At first I thought she was nuts, but the more I thought about it the better the idea seemed. After all, actors do this all the time. So I decided to become someone else. But who? My agent said the market was ripe for non-white artists from countries other than the USA. I chose my mother’s maiden name (Correia) and became an artist from Brazil (where I’m told there are many Portuguese people). In my fake profile I described myself as Esteban Correia, an artist from Rio de Janeiro who taught himself how to paint while working as a lifeguard on a nude beach.

 

My alter ego’s style is bolder, more primal than mine. Esteban doesn’t waste time sketching, blending or building tonalities from varying textures of paint. His work has the immediacy of graffiti, the primal cry of the people. Without any formal training, his work pulses with the imagery of the imaginary slums where he claims to have grown up, influenced by roiling cultures the artist pretends to have experienced. Instead of mixing his blacks from other colors in the traditional manner, he uses black straight from the tube. Esteban isn’t burdened by art history and paints from the gut, using primal colors to intensify the powerful emotions of the pretend streets he pretends to have grown up on.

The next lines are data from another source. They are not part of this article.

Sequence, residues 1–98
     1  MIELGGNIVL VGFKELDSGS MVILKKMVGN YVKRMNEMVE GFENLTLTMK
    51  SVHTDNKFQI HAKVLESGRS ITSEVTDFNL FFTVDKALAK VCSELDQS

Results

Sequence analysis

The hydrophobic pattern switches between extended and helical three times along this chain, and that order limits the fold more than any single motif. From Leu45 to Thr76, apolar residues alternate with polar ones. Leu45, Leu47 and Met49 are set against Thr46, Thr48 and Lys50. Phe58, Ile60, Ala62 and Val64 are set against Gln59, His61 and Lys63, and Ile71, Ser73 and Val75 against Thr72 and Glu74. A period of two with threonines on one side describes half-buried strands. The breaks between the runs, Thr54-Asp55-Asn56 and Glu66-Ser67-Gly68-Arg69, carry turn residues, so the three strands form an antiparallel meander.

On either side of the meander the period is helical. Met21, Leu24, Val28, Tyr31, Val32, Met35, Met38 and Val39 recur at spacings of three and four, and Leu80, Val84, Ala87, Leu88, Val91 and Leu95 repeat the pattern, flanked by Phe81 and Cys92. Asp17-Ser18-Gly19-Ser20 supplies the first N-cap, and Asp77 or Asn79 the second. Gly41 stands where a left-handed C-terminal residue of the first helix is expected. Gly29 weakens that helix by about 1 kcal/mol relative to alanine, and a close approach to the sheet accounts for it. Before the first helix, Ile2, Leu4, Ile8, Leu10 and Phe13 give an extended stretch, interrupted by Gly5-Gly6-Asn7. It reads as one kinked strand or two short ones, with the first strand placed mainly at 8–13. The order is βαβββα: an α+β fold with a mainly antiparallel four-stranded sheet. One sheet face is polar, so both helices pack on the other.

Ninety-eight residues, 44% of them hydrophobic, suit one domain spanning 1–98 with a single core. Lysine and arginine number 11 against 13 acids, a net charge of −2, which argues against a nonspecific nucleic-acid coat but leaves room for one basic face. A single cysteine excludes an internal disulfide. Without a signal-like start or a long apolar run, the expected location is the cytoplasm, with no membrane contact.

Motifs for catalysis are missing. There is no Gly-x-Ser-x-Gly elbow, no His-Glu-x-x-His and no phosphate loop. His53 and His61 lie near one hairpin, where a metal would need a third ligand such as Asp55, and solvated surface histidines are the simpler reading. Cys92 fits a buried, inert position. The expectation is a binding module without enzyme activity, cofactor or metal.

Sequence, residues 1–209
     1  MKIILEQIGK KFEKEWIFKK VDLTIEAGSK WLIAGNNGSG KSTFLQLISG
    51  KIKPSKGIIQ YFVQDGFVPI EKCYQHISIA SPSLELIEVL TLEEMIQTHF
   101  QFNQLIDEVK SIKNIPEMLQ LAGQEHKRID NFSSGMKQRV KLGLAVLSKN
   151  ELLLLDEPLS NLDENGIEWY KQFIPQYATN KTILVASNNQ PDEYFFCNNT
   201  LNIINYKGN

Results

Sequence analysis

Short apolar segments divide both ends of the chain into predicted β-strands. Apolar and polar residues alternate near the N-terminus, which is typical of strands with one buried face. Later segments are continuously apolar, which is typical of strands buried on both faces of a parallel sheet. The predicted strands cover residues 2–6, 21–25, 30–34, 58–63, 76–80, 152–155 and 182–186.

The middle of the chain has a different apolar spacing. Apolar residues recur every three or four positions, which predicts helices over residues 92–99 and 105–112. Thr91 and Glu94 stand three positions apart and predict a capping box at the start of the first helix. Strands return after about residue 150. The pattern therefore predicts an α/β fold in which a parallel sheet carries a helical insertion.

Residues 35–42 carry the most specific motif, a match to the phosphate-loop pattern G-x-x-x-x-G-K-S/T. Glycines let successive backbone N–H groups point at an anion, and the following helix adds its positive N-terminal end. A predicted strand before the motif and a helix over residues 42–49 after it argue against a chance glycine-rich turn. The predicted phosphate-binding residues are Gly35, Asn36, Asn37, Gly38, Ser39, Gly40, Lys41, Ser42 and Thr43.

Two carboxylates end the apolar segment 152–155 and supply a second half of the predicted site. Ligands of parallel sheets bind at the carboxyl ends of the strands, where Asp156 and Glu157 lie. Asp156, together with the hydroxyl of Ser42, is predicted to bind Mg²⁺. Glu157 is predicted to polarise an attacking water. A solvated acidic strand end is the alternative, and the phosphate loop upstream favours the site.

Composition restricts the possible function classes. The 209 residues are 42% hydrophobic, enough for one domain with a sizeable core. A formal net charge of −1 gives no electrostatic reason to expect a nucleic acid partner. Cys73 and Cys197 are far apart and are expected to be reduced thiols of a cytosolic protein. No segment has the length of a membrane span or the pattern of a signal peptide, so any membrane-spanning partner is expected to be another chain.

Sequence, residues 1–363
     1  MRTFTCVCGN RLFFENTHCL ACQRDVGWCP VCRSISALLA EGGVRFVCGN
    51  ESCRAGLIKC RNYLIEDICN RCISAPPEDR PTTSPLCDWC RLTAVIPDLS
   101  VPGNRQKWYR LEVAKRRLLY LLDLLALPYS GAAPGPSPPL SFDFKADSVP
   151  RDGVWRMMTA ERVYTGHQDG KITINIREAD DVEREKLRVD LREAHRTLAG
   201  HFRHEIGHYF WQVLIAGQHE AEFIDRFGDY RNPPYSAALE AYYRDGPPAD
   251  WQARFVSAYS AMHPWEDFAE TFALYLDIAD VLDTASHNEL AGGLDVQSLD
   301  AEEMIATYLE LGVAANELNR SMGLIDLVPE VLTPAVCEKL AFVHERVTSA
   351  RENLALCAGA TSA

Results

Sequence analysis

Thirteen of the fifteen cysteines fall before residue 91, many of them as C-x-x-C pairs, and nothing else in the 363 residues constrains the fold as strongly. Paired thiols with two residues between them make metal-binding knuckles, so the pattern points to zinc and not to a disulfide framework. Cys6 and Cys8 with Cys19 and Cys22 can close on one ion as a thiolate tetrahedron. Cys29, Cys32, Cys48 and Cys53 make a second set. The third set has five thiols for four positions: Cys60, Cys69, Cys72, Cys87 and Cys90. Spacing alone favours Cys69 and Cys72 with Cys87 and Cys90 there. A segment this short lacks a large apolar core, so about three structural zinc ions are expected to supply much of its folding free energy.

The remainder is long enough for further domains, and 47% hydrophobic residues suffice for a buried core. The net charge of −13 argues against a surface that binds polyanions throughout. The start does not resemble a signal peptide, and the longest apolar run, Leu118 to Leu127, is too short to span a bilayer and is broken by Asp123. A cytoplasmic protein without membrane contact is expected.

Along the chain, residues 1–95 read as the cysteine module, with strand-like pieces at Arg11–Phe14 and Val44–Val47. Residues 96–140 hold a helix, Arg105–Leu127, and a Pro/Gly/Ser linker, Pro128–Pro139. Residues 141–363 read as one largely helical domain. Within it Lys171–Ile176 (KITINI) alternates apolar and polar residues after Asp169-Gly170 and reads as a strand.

Esteban Correia’s work did find buyers, but his illustrations never sold as well as my more traditional work, but for a while it was fun having an alter ego, someone who was far more impulsive and emotional with his art.

 

 

 

 

 

 

 

 

 

 

 

 

 

 

 

 

 

 

 

 

 

It’s been years since I’ve interacted with Esteban. Eventually, we lost contact with each other. I hear his work visa expired and he was deported back to Brazil.  I understand he’s given up painting and has returned to being a lifeguard on a nude beach.

 

I wish him well.

 

 

 

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Comments

21 Comments
I really like that you explored a different side of yourself. I bet there is a lot more of yourself to discover and develop. Go for it!
By: Daniel LaFrance on August 8, 2016
Those are really cool. It's like you had a pen name!
By: Alex J. Cavanaugh on August 8, 2016
I like Hayes' work more than Correia's!!
By: fishducky on August 8, 2016
Neat work. It's amazing how many sides there are to each of us. Maybe you will explore another one before too long.
By: messymimi on August 8, 2016
I actually love these paintings. I love the splashes o color. If I owned a house, I'd probably buy one from you to hang on the wall.
By: Michael Offutt on August 8, 2016
o.m.g. i feel like i've just been listening to sasha fierce or chris gaines...
By: TexWisGirl on August 8, 2016
Isn't it amazing how role playing can uncover hidden talents?
By: Pixel Peeper on August 8, 2016